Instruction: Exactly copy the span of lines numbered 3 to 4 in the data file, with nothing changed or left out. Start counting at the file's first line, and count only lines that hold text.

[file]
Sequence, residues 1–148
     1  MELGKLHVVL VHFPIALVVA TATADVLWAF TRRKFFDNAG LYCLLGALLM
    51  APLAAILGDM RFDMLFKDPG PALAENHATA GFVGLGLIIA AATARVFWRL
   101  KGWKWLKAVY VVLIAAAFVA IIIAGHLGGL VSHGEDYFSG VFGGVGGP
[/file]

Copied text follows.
    51  APLAAILGDM RFDMLFKDPG PALAENHATA GFVGLGLIIA AATARVFWRL
   101  KGWKWLKAVY VVLIAAAFVA IIIAGHLGGL VSHGEDYFSG VFGGVGGP